By Mike Rhodes
Recently, Dez Martinez, with the advocacy group Homeless in Fresno, contacted the Community Alliance and said the Fresno Police Department (FPD) Homeless Task Force (HTF) and other city workers were preparing to destroy a homeless encampment near West Avenue and Highway 180.
When Martinez arrived on the scene, an ambulance was heading out taking a badly beaten homeless man to the hospital. Here is how she described the scene. “As soon as I pulled up to the cul de sac, I saw an ambulance onsite and turned my on camera immediately.
“Nervous and scared of what just happened, I remained calm and began to approach the camp. As soon as I reached the camp, several street family members came up to me in a panic and outrage about what just happened.”
Martinez, who has been homeless herself, says one of the camp residents told her that the police “beat up Dreamer; they took him down and just kept beating him. They kicked his legs out, they kicked him in the face, they all were punching him.”
This was done after the homeless man complained to the police about the camp’s demolition and suggested that homeless people should not be treated that way.
The man, whose name is Lewis Brown (known on the streets as Dreamer), was taken to Community Hospital where he was treated, turned over to police custody, booked at the County Jail and released. The nurse who was cleaning his wounds said, “I’m tired of seeing the police do this.”
Dreamer had to walk several miles back to the encampment and found that about 90% of his property was missing. All that remained were some clothing and a couple pots and pans.
Local attorney Kevin Little said that “what happened to Lewis Brown should outrage anyone who is concerned about justice in our city. As numerous witnesses can confirm, Mr. Brown was attacked by law enforcement only because he objected to their unreasonable orders.
“Because he objected, Lewis, a 60-year-old, frail homeless man, was brutalized by multiple officers and falsely charged with ‘obstructing justice.’ Justice, indeed.”
Brown was charged with resisting arrest, obstructing an officer and trespassing. He was also informed that he could get a charge for inciting a riot because he had someone call Martinez to come to the camp.
Little says that “it is currently unknown if the charges against Mr. Brown will result in a case against him; no date is yet set. We are hopeful that the District Attorney will reconsider and decline to pursue these charges, but if it does, I stand ready to fight to vindicate Mr. Brown, not only for his benefit but for all of his street family who experience harassment from law enforcement every day in our community.”
Asked if anything like this had happened before, Martinez said that “it’s not unusual for the Fresno Police Department Homeless Task Force, which consists of five officers, to break up encampments. They do this daily.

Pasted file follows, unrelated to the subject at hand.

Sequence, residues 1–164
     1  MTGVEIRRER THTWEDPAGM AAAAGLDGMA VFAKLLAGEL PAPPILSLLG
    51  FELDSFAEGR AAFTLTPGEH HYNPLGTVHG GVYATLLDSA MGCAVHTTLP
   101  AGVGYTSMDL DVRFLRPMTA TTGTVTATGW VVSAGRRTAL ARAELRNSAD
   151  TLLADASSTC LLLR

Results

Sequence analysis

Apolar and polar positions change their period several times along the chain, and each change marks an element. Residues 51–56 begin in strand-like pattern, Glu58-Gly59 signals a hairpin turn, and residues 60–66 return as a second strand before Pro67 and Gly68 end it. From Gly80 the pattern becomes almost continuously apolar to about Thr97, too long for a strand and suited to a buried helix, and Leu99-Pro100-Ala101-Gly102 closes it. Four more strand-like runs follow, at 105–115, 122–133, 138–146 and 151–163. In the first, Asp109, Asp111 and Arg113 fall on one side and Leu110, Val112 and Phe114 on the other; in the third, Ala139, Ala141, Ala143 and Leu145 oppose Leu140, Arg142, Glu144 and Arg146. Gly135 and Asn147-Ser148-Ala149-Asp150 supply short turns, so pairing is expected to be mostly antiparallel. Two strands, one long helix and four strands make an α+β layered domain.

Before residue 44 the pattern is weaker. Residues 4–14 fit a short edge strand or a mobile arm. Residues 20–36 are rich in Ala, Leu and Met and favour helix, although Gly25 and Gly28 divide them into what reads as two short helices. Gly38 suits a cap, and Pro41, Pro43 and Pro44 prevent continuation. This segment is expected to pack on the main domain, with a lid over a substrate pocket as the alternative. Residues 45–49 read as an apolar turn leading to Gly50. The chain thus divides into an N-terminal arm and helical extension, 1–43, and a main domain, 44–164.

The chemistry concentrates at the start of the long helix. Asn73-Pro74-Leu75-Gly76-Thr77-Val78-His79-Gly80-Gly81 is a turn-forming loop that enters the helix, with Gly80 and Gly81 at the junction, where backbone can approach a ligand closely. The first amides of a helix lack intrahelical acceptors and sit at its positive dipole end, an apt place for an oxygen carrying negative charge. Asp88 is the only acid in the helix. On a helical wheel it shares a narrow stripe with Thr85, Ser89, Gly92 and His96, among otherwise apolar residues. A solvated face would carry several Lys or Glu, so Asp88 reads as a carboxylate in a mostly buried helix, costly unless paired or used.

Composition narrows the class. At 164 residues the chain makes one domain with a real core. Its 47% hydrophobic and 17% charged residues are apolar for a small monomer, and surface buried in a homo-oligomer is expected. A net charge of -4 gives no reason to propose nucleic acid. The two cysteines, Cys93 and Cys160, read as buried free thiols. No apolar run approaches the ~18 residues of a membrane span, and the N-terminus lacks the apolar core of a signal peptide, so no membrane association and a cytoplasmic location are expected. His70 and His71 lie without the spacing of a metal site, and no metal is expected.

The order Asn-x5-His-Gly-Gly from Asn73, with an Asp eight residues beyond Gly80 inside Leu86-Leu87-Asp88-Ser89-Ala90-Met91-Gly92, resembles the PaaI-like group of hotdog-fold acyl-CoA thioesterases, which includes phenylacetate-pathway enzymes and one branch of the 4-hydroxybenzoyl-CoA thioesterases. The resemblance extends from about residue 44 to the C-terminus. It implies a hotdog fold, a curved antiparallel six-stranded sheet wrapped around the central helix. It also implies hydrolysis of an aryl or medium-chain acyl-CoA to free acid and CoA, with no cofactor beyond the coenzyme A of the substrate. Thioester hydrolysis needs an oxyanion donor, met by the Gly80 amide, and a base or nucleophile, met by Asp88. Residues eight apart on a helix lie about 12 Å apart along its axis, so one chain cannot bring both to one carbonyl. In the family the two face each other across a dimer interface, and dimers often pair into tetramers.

“It’s not unusual to see or hear about this type of abuse on the homeless. It’s normal to hear now, and that should not be normal.”
Martinez continues, “Back when I started five years ago, I would go to encampments and see someone hurt or bruised and ask what happened and they would tell me ‘the police.’
“At first, I was like, ‘Naw, it can’t be like that because there would be an uproar in Fresno, for the FPD to abuse in public and witnesses around, something would have been done,’ but when you witness it in person or via recording, you are in disbelief, you feel like you’re in another country but you’re not; it’s here in your own backyard, what you call your community.”
Martinez and her friend Brandi Nuse-Villegas have been filming incidents like this for several years. They have started live streaming some of these incidents on the Community Alliance Facebook page. Martinez and Little are both interested to see what the bodycam footage of the attack on Brown will show.
Relying on her experience and instincts to document these violations of homeless people’s rights, Martinez says that she can “post on social media hoping they will stop or maybe someone higher up will put a stop to it, but they see it and it doesn’t stop, even with video; it’s like you’re ‘just invisible, you should get used to it.’”
“Now when I am at camps and the street families tell me about what happened yesterday when HTF was there, the only response I have anymore is ‘damn, again? What hospital?’ so I can go visit or find out when he/she is getting out.”
Mike Rhodes is a member of the Community Alliance newspaper’s Editorial Board and the author of a book about Fresno’s homeless, Dispatches from the War Zone. Contact him at email@example.com.